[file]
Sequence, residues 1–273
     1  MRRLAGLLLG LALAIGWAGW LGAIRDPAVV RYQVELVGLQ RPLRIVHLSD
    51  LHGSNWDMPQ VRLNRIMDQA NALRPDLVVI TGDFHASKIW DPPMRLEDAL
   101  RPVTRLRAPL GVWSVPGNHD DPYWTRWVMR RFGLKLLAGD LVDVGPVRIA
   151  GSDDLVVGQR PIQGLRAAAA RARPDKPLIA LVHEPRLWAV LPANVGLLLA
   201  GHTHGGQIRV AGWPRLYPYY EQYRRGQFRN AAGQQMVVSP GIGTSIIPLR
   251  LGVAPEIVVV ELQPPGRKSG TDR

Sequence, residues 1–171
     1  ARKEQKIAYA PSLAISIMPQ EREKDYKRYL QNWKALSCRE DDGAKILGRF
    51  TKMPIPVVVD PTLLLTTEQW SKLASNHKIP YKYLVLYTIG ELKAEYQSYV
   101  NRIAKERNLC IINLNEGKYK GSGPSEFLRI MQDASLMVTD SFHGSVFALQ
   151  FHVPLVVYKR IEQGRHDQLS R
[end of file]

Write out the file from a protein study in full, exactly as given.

Sequence, residues 1–273
     1  MRRLAGLLLG LALAIGWAGW LGAIRDPAVV RYQVELVGLQ RPLRIVHLSD
    51  LHGSNWDMPQ VRLNRIMDQA NALRPDLVVI TGDFHASKIW DPPMRLEDAL
   101  RPVTRLRAPL GVWSVPGNHD DPYWTRWVMR RFGLKLLAGD LVDVGPVRIA
   151  GSDDLVVGQR PIQGLRAAAA RARPDKPLIA LVHEPRLWAV LPANVGLLLA
   201  GHTHGGQIRV AGWPRLYPYY EQYRRGQFRN AAGQQMVVSP GIGTSIIPLR
   251  LGVAPEIVVV ELQPPGRKSG TDR

Sequence, residues 1–171
     1  ARKEQKIAYA PSLAISIMPQ EREKDYKRYL QNWKALSCRE DDGAKILGRF
    51  TKMPIPVVVD PTLLLTTEQW SKLASNHKIP YKYLVLYTIG ELKAEYQSYV
   101  NRIAKERNLC IINLNEGKYK GSGPSEFLRI MQDASLMVTD SFHGSVFALQ
   151  FHVPLVVYKR IEQGRHDQLS R